Of birds and ponds, of war and peace

Walking round one of my intangible charms, in the first week of the new year, I was struck by a sound. Loud, persistent – and arguably cheerful.

‘Tea-too, tea-too, tea-too,’ sang a bird in full voice. As plangent a sound as a great, fat ball bearing falling onto a xylophone.

And no, I don’t know how that sounds, but imagine it comes somewhere close.

The birdsong – they’ve been silent for so long – should have made me smile, but, no, it made me sigh. Ah well, I thought. The days are lengthening, nights waning, soon it will be spring.

Reality can’t be avoided. Well, not entirely. And I’ll enjoy spring when it comes, despite my moaning.

Which is more than could be said for the reality of that walk.

Because vying for prominence with the ‘tea-too’ bird came the dreaded whine of chainsaws.

Tree felling. Log sawing. Nasty noise!

In a nature reserve.

Well, at least I’d missed the grass mowing. And parts of the ponds were still fringed with rushes, swaying whenever a breath of breeze snuck by.

Still the ivy paraded its glossy leaves, flaunted its ripening berries.

Still the moss grew neon green on gnarled trunks.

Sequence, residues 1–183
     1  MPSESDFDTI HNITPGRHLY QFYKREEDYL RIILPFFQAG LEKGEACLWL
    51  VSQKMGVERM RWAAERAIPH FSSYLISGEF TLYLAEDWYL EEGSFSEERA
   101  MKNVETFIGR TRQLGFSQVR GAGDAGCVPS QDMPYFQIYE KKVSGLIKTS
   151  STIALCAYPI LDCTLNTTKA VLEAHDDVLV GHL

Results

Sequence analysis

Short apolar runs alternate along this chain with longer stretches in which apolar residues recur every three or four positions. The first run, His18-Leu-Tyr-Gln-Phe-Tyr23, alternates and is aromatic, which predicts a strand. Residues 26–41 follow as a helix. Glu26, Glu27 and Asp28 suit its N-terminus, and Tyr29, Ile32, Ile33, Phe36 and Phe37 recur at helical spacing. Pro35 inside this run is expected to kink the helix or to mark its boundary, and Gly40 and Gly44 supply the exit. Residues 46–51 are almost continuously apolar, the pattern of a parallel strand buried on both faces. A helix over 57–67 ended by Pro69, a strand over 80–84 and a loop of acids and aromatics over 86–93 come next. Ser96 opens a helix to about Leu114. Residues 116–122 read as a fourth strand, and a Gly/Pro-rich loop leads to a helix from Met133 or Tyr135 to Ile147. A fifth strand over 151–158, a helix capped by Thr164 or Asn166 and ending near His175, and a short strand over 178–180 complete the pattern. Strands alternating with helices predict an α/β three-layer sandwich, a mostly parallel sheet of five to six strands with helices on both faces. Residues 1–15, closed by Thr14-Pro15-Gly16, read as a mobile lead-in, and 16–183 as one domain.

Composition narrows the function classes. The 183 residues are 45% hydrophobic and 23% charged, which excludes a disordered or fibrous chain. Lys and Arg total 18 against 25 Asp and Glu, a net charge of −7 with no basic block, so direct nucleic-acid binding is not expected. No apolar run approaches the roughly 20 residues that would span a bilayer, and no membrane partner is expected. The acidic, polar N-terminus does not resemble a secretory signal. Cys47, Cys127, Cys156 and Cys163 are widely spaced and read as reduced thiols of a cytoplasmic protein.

And still the skeleton trees revealed the underside of their world. The wriggling, squiggling tangle, or upright-poker-thrusting cage of twigs and branches.

I walked quickly, shrugged, told myself the grass would grow again, the tree stumps would weather.

Birds and beasts would enjoy the decaying timber, fungi colonise damp stumps. Dung beetles, earthworms and centipedes would do their vital recycling.

And what goes around would come around. Even if never to be the same again.

Sanguine, I went on my way.

Fast forward to Monday, when I go back.

A human is my first encounter.

A tall man, with hands full of seed, is feeding web-footed ones. Mud and a very deep puddle bring us unavoidably face to face, but it’s always a friendly walk.

‘What beautiful black ducks,’ I say, meaning it. All black, with the petrol sheen that feathers sometimes have, iridescent green and blue. But black.

‘I’m looking for the robin,’ says the man. ‘Been looking all the way round. Haven’t seen the robin at all today.’

I wish him luck – he has a lovely smile – and walk on.

A dog on a lead chases a squirrel round a tree trunk. Its owner untangles herself by walking the other way, as if slow-dancing round a maypole.

‘He wants to catch the squirrels,’ she says.

That much is obvious. She has a nice face, we exchange a few words. And I march on, to the other pond.

Past bright green fences, ferns and stagnant water. Past more felled trees. My mood decaying.

I suspect there has been some wind damage in our storms, but it’s still a sad sight

Then I see a shower of gold. A cascade of skinny catkins shining despite the subdued light.

And on I go till I reach the spot in the pond where the stump sticks up.

And there it is.

The cormorant.

It sits on its perch, way out in the pond. Patient. So still it looks like a sculpture from the perspective of the path.

The cormorant is out there, look closely